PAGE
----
Directions: The following passage is an early draft of an essay.
Read the passage and then answer the questions that follow. Some questions refer to particular sentences or parts of sentences and ask you to improve sentence structure or diction (word choice). Other questions refer to the entire essay or parts of the essay and ask you to consider the essay’s organization, development, or effectiveness of language. In selecting your answers, follow the conventions of Standard Written English.
(1) In observing a live performance such as a play or a stand-up routine, each individual member of the audience is affected by the group’s emotional response to the show. (2) Some research shows that audience members are likely to laugh along with the laughter of others in the audience much more frequently than they would laugh at the same performance if viewing it alone.
(3) As performances moved to radio and television in the first half of the twentieth century, producers were well aware of the important role of this social laughter. (4) Early radio and television comedies were broadcast live with a real audience in the studio to provide the reactions that helped at-home audiences feel connected to the performance. (5) As advances in technology allowed performances to be prerecorded, edited, and enhanced for later broadcast, recorded laughter gained wider use. (6) It can be called “canned laughter” or a “laugh track.”
(7) The laugh track gives producers the ability to create an audience response that aligns with the finished, edited performance. (8) In live broadcasts, the show is performed from beginning to end without stopping, and live studio audiences have an authentic, if unpredictable, response to the performance, just like that of audiences listening or watching at home. (9) In a recorded performance, though, directors are free to stop the scene, ask performers to redo a particular segment or have the crew switch equipment, and start again. (10) This interrupted, disjointed style of performance makes it difficult for them to hold a live studio audience’s interest. (11) Therefore, editors often add recorded laughter into the final edited version of the program. (12) Highlighting each joke with just the right volume, duration, and quality of laughter to prompt audiences at home to laugh at the intended times. (13) Although some contemporary television comedies do not use a laugh track, many programs for children and adults alike rely on recorded laughter to create a sense of audience participation.
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Which of the following, if inserted immediately before sentence 1, would make the best introduction to the passage?
There are actually scientists who study human laughter.
The laughter you hear on many television comedies was probably prerecorded.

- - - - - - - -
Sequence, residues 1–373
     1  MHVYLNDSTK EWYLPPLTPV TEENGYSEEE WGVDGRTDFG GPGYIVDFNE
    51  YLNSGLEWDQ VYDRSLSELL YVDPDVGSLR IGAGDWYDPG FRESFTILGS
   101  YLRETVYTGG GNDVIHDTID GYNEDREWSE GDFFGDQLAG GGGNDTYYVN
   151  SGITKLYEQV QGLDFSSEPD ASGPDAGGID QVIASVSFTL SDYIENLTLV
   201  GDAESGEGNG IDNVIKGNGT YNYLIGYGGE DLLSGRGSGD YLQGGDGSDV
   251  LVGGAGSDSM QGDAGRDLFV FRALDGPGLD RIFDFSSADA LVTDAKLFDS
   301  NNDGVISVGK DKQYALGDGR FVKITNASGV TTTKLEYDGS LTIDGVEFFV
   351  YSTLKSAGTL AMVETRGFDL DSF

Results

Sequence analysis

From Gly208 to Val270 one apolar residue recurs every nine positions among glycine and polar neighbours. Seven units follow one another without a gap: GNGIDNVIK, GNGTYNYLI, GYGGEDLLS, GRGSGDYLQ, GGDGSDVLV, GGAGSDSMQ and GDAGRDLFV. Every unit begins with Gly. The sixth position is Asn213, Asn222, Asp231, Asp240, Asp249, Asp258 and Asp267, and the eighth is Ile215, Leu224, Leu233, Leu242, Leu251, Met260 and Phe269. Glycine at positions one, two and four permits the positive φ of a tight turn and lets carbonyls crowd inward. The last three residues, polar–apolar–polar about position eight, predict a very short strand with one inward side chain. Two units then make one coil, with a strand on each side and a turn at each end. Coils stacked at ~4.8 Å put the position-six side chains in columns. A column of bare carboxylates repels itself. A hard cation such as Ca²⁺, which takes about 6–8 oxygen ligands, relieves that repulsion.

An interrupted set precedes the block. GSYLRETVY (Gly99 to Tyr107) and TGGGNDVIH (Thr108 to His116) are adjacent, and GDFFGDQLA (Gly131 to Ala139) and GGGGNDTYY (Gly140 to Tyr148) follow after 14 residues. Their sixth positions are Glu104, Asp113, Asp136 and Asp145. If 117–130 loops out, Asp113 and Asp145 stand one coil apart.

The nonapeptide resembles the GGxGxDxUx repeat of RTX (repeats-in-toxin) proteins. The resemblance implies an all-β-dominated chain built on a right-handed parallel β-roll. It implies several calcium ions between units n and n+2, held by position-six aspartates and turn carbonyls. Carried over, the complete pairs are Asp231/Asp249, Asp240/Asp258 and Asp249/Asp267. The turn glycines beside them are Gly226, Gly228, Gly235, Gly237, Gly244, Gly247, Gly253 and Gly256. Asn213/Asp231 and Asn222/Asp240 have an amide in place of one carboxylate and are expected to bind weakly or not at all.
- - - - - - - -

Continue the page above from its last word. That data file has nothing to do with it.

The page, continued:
The technology used to produce radio and television programs has advanced rapidly.
Many people believe that comedy is less meaningful than drama, but both can evoke strong emotional responses.
Shared laughter has a powerful influence on an audience’s relationship to a performance.
What is the highest-degree term in the expansion of
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Which of the following is equal to
Let , , and , where a is a positive number that is not equal to 1. What is the value of
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At the beginning of each year, the population of a small town is predicted to be 2 percent greater than its population at the beginning of the preceding year. If P is the population of the town on January 1, 2018, what is the predicted population of the town on January 1, 2023?
Directions: This section measures test takers’ ability to analyze writing. This skill is tested primarily in passage-based questions pertaining to critical thinking, style, purpose, audience, and situation: appeals, tone, organization/structure, rhetorical effects, use of language, and evaluation of evidence.
(1) There was a steaming mist in all the hollows, and it had roamed in its forlornness up the hill, like an evil spirit, seeking rest and finding none. (2) A clammy and intensely cold mist, it made its slow way through the air in ripples that visibly followed and overspread one another, as the waves of an unwholesome sea might do. (3) It was dense enough to shut out everything from the light of the coach-lamps but these its own workings, and a few yards of road; and the reek of the labouring horses steamed into it, as if they had made it all.
(4) Two other passengers, besides the one, were plodding up the hill by the side of the mail. All three were wrapped to the cheekbones and over the ears, and wore jack-boots. (5) Not one of the three could have said, from anything he saw, what either of the other two was like; and each was hidden under almost as many wrappers from the eyes of the mind, as from the eyes of the body, of his two companions.
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The overall mood of the passage can best be described as